Maybe two or three weeks ago a fire broke out at the former Brennan Motor Company buildings that line a portion of Townsend Street in downtown Syracuse, NY. A piece of local and national history, the Brennan Motor Company was one of the first auto builders in the United States producing a range of cars and trucks from 1902 to 1908. After exiting the auto market the company successfully produced a range of small engines commonly used in marine applications until the mid 1970’s.
The complex has been empty for decades now and slow rotting away with a barricade ringing the property to protect pedestrians from falling bricks. Developers once had plans to raze the buildings for the creation of a parking lot but were stymied by the City and other preservation organizations. The fire broke out midday and was a real challenge to fire crews as the building has partially collapsed floors and walls. By the time my lunch break rolled around two trucks were still on scene while a crew poked around for any remaining hot spots. Here we seen Engine 10 still hooked up to the hydrant.
Also on the scene was ST-2 (spare truck 2) an older Sutphen powered by a Detroit, maybe a Series 60.
Thanks to Andy for being the first to call 911 about this fire!
I originally thought as I spotted the smoke that the Smiths Restaurant Supply, the far left building in the pictures with the trucks in them, was roasting coffee. I realized the smoke was coming from the Brennan building instead. I was doing all this while buzzing over the off ramp from 690 E to 81 S. After calling this in, and then continuing my way to LaFayette, I came back to get a look at what was going on and talk to fire investigators.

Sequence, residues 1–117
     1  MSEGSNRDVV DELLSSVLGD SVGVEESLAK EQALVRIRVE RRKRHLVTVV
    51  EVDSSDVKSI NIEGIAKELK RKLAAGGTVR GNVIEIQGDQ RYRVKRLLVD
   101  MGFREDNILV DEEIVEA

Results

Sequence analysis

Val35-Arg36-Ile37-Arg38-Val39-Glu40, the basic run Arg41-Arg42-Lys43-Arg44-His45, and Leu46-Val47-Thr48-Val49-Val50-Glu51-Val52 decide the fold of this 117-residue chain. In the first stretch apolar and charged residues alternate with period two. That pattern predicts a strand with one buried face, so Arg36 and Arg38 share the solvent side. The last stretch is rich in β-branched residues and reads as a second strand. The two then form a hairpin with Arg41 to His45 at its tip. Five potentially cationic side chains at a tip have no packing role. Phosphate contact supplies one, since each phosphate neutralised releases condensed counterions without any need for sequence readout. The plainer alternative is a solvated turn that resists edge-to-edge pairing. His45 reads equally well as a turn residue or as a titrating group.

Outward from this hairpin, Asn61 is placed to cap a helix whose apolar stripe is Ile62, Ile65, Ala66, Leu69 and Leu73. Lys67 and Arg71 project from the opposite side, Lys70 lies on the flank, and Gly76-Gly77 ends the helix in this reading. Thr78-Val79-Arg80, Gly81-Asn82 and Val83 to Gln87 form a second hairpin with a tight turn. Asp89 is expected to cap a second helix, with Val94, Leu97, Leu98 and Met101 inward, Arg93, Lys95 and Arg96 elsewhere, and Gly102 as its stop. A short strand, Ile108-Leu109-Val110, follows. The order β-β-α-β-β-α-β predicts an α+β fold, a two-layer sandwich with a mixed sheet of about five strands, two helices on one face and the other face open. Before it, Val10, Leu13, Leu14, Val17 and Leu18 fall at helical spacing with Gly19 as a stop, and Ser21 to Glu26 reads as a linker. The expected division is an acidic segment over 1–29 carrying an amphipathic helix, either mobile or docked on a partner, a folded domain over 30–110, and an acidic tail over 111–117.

They were hosing the hot spots and I over heard on the scanner that there was a fire in “crawl space” between the 1st and 2nd floors. It looked like they were using a foam to battle this part of the fire. I asked and they said it was “wet water.”
The chatter on the scanner also, they reported a hole in the 2nd floor.
I also heard over the scanner that a crew went up on the 3rd floor to check for fire. The radio traffic indicated heavy smoke and they couldn’t see anything… Another voice came over the radio and said if there was any fire at all on the 3rd floor, to evacuate since the roof was being held up by scaffolding. After they removed the windows, they gave the all clear for fire.